Wednesday, October 13, 2004

The international coalition in Iraq is not strong.

Why you're right:

1. 7 countries have withdrawn from the coalition. Nicaragua (February 2004); Spain (late April 2004); Dominican Republic (early May 2004); Honduras (late May 2004); Philippines (July 16, 2004); Thailand (late August 2004); and New Zealand (late September 2004). Poland plans to withdraw its troops from Iraq by late 2005. (Global Security, CBC News, Associated Press)

2. 4 countries have, or are planning to, reduce troop commitment. Ukraine (-200); Singapore (reduced from 191 to 33); Moldova (reduced contingent to 12); Norway (reduced from ~150 to 10 in late June 2004/ early July 2004). (Global Security)

3. Arab presence lacking in the coalition. Pakistan has no intention of sending troops to Iraq under the present conditions, with a dangerous security situation Iraq and troops withdrawing from the coalition. No Arab countries are part of the coalition. (Associated Press)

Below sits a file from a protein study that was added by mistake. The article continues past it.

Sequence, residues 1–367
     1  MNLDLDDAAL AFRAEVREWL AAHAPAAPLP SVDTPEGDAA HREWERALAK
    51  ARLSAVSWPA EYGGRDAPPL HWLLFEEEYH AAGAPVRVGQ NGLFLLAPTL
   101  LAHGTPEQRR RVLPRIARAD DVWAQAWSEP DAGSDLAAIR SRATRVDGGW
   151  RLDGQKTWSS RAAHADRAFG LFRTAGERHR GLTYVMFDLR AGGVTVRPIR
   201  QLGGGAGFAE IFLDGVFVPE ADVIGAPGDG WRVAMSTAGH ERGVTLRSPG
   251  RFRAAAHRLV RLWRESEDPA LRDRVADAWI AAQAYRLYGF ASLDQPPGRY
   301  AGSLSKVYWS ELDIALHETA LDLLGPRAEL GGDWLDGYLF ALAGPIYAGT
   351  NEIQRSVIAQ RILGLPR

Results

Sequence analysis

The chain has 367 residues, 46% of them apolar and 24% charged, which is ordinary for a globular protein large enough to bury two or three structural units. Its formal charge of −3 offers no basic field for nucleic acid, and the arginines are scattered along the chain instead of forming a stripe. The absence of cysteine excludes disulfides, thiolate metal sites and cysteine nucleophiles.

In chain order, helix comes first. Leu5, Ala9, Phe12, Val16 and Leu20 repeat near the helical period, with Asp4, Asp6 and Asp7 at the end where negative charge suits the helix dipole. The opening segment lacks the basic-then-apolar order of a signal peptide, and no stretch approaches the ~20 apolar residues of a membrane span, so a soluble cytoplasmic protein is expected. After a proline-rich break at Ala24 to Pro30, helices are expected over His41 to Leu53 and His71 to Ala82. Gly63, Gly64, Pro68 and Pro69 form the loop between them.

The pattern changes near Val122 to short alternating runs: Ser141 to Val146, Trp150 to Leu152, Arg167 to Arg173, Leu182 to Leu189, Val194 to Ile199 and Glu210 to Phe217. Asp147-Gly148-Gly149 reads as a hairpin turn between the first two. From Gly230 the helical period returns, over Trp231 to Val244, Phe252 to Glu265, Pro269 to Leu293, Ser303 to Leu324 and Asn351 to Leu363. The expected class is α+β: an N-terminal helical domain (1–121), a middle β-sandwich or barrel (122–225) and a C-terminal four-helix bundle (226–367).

4. U.S. troops are suffering from the weak coalition. The United States has 135,000 troops in Iraq and make up 94% of the overall coalition casualties suffered in Iraq. TheUnited Kingdom is the second largest contributor, with only 8300 troops. (Brookings, CBS News, Knight Ridder)

Why they're wrong:

Bush’s statement of “Our coalition is strong. It will remain strong, so long as I'm the president,” rings hollow. The coalition is losing more members than it is gaining. Only 5 countries are planning to contribute troops or increase present troop strength to the coalition and two of those countries (Romania and Fiji) are still tentative. (Washington Post, Global Security)